In modern medical treatments, patients may be given a pint of whole blood or just the specific components of the blood needed to treat their particular condition. This treatment approach, called blood component therapy, allows multiple patients to benefit from a pint of donated whole blood.

Giving the “right” type of blood donation – depending on your blood type and the patient’s needs – helps ensure the best use of your valuable contribution.

Plasma donation

According to the American Red Cross, “When you donate AB Elite, you donate plasma and some of your blood is used to treat patients in an emergency. AB plasma can be given to anyone, regardless of their blood type. Plasma is collected through an automated process that separates plasma from other blood components and then returns your red blood cells and platelets to you safely and comfortably. AB Elite maximizes your donation and only takes a few minutes longer than donating blood. The quantity of plasma you can make a donation is based on your body weight.

Who It Helps: AB Plasma is used in emergency and trauma situations to help stop bleeding.

Ideal blood groups: AB positive, AB negative

Donation frequency: Every 28 days, up to 13 times / year

Duration: approximately 1 hour and 15 minutes

Platelet donation

Platelets are tiny cells in your blood that form clots and stop the bleeding. Platelets are most often used by cancer patients and others with life-threatening illnesses and injuries.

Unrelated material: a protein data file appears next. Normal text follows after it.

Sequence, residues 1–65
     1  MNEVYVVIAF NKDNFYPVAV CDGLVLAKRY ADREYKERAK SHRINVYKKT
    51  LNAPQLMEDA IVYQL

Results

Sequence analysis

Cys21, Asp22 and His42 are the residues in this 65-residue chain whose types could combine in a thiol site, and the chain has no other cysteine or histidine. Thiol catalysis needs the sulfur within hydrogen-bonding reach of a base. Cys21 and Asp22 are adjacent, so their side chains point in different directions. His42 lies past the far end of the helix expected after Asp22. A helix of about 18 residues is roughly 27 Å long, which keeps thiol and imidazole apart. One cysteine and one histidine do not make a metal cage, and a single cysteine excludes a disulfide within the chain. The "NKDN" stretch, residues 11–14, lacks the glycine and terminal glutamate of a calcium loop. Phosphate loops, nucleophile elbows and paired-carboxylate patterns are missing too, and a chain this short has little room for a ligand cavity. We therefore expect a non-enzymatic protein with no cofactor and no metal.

According to the American Red Cross, “When you donate platelets, an apheresis machine collects your platelets as well as some plasma, returning your red blood cells and most of the plasma to you. A single donation of platelets can result in multiple transfusable units, while it takes about five donations of whole blood to constitute a single transfusable unit of platelets.

Who It Helps: Platelets are an essential part of cancer treatments and organ transplant procedures, as well as other surgical procedures.

Time it takes: about 2.5-3 hours

Ideal blood groups: A positive, A negative, B positive, O positive, AB positive and AB negative

Donation frequency: Every 7 days, up to 24 times / year

Gift of Red Power

According to the American Red Cross, “When you donate Power Red, you donate a concentrated dose of red blood cells, the part of your blood used each day for those who need transfusions as part of their care. This type of donation uses an automated process that separates your red blood cells from other blood components and then safely and comfortably returns your plasma and platelets to you. “

Who It Helps: Red blood cells from a Power Red donation are typically given to trauma patients, newborns and emergency transfusions during childbirth, people with sickle cell anemia, and anyone with blood loss.

Duration: around 1h30

Ideal blood groups: O positive, O negative, A negative and B negative

Donation frequency: Every 112 days, up to 3 times / year

Whole blood donation

“Whole blood is the most flexible type of donation. It can be transfused in its original form or used to help several people when it is separated into its specific components of red blood cells, plasma and platelets, ”the Red Cross said.

Who It Helps: Whole blood is frequently given to trauma patients and people undergoing surgery.

Duration: about 1 hour

Ideal blood groups: All blood groups

Donation frequency: Every 56 days

Before donating blood, you must be in good health and make sure that they meet the basic eligibility criteria. Donating blood is a small act of kindness, but it saves lives. Donate blood, become a savior!